Chandra Multiwavelength Project. I. First X‐Ray Source Catalog

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Chandra Multiwavelength Project. I. First X‐Ray Source Catalog

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Title: Chandra Multiwavelength Project. I. First X‐Ray Source Catalog
Author: Kim, D.‐W.; Cameron, R. A.; Drake, Jeremy J.; Evans, Nancy Remage; Freeman, P.; Gaetz, Terrance J.; Ghosh, H.; Green, P. J.; Harnden, F. R. Jr.; Karovska Neily, Margarita; Kashyap, Vinay L.; Maksym, W. Peter; Ratzlaff, Peter W; Schlegel, E. M.; Silverman, J. D.; Tananbaum, Harvey D.; Vikhlinin, Alexey A.; Wilkes, Belinda Jane; Grimes, J. P.

Note: Order does not necessarily reflect citation order of authors.

Citation: Kim, D.‐W., R. A. Cameron, J. J. Drake, N. R. Evans, P. Freeman, T. J. Gaetz, H. Ghosh, et al. 2004. “ Chandra Multiwavelength Project. I. First X‐Ray Source Catalog .” The Astrophysical Journal Supplement Series 150 (1) (January): 19–41. doi:10.1086/379819.
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Abstract: The Chandra Multiwavelength Project (ChaMP) is a wide-area (~14 deg2) survey of serendipitous Chandra X-ray sources, aiming to establish fair statistical samples covering a wide range of characteristics (such as absorbed active galactic nuclei, high-z clusters of galaxies) at flux levels (fX ~ 10-15 to 10-14 ergs s-1 cm-2) intermediate between the Chandra deep surveys and previous missions. We present the first ChaMP catalog, which consists of 991 near on-axis, bright X-ray sources obtained from the initial sample of 62 observations. The data have been uniformly reduced and analyzed with techniques specifically developed for the ChaMP and then validated by visual examination. To assess source reliability and positional uncertainty, we perform a series of simulations and also use Chandra data to complement the simulation study. The false source detection rate is found to be as good as or better than expected for a given limiting threshold. On the other hand, the chance of missing a real source is rather complex, depending on the source counts, off-axis distance (or PSF), and background rate. The positional error (95% confidence level) is usually less than 1'' for a bright source, regardless of its off-axis distance, while it can be as large as 4'' for a weak source (~20 counts) at a large off-axis distance (Doff-axis > 8'). We have also developed new methods to find spatially extended or temporary variable sources, and those sources are listed in the catalog.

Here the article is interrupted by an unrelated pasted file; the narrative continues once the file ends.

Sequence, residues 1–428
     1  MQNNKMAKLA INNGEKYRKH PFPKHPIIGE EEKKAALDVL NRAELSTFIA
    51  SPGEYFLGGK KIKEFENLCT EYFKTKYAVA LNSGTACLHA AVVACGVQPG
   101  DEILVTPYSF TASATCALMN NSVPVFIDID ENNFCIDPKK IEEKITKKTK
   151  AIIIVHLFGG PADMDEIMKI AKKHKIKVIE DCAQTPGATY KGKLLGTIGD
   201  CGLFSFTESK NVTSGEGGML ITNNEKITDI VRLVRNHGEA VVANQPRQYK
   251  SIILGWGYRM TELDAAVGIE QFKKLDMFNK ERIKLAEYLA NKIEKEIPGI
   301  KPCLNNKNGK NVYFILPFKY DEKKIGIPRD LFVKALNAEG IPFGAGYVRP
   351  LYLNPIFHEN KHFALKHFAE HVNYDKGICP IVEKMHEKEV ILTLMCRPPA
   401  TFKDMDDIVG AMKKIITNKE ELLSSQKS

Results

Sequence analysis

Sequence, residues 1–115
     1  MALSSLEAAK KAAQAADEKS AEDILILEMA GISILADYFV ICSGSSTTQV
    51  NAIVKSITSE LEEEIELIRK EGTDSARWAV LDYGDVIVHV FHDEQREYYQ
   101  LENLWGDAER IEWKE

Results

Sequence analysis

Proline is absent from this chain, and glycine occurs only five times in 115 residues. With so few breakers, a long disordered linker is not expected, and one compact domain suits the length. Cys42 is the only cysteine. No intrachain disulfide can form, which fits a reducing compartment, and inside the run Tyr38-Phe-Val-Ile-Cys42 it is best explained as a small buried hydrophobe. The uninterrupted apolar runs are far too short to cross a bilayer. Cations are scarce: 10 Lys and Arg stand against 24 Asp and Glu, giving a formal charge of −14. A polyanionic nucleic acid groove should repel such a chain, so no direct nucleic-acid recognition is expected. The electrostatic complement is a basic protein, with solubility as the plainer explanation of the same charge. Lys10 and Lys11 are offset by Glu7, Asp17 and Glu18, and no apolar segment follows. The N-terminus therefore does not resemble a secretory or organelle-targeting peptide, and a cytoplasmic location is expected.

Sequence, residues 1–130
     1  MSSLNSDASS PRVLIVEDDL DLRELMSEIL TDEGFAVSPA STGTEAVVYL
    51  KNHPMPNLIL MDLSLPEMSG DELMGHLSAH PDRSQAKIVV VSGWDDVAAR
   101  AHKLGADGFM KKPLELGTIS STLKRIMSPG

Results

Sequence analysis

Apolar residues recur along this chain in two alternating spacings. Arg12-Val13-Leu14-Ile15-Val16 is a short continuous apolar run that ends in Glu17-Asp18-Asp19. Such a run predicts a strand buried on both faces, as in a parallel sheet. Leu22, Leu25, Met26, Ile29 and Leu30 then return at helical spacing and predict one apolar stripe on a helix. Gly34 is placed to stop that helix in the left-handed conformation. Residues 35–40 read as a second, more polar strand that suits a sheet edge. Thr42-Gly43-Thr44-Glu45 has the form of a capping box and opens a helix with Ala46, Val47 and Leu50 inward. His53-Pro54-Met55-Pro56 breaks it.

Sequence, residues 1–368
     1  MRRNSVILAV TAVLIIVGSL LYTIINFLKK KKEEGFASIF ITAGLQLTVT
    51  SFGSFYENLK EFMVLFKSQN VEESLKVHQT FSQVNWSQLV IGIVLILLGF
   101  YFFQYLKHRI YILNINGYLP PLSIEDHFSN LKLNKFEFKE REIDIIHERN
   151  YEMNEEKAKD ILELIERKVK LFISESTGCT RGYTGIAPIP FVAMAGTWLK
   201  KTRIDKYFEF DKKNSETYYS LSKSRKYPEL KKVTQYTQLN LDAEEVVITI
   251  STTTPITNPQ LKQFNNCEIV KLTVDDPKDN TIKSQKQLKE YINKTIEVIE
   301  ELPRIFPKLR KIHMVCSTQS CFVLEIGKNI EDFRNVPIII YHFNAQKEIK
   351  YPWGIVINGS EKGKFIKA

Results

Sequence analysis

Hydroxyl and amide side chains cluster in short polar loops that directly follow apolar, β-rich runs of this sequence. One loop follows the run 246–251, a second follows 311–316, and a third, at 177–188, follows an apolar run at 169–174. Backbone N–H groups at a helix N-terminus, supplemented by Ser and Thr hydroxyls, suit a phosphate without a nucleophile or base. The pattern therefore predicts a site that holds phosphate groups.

Published Version: doi:10.1086/379819
Terms of Use: This article is made available under the terms and conditions applicable to Other Posted Material, as set forth at http://nrs.harvard.edu/urn-3:HUL.InstRepos:dash.current.terms-of-use#LAA
Citable link to this page: http://nrs.harvard.edu/urn-3:HUL.InstRepos:30212136
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